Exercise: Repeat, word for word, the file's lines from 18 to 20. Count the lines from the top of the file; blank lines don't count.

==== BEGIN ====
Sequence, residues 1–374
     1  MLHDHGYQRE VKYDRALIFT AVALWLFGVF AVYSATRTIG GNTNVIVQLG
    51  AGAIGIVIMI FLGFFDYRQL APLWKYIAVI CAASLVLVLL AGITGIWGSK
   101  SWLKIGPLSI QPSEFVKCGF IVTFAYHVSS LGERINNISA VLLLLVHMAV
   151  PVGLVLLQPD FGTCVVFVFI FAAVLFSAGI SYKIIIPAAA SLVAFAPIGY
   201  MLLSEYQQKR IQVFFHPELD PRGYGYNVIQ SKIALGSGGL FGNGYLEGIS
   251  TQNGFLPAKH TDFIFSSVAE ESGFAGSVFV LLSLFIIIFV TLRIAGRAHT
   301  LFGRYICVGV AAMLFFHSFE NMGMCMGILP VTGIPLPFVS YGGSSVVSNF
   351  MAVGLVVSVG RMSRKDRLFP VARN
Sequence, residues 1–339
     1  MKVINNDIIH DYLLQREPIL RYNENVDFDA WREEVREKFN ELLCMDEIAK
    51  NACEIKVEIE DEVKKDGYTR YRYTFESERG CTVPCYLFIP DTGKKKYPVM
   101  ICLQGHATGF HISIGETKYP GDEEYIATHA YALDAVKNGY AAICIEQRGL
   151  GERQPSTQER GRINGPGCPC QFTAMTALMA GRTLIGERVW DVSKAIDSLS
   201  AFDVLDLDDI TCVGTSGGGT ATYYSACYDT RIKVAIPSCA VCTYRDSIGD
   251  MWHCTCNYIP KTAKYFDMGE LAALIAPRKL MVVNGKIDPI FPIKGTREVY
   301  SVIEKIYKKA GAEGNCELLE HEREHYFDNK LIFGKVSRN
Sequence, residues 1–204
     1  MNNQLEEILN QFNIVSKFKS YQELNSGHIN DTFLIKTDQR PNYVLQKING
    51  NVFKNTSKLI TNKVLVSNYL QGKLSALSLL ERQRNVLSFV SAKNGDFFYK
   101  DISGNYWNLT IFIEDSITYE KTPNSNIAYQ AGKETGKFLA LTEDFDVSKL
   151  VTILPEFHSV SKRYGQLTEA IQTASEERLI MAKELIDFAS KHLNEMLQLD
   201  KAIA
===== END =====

Sequence, residues 1–204
     1  MNNQLEEILN QFNIVSKFKS YQELNSGHIN DTFLIKTDQR PNYVLQKING
    51  NVFKNTSKLI TNKVLVSNYL QGKLSALSLL ERQRNVLSFV SAKNGDFFYK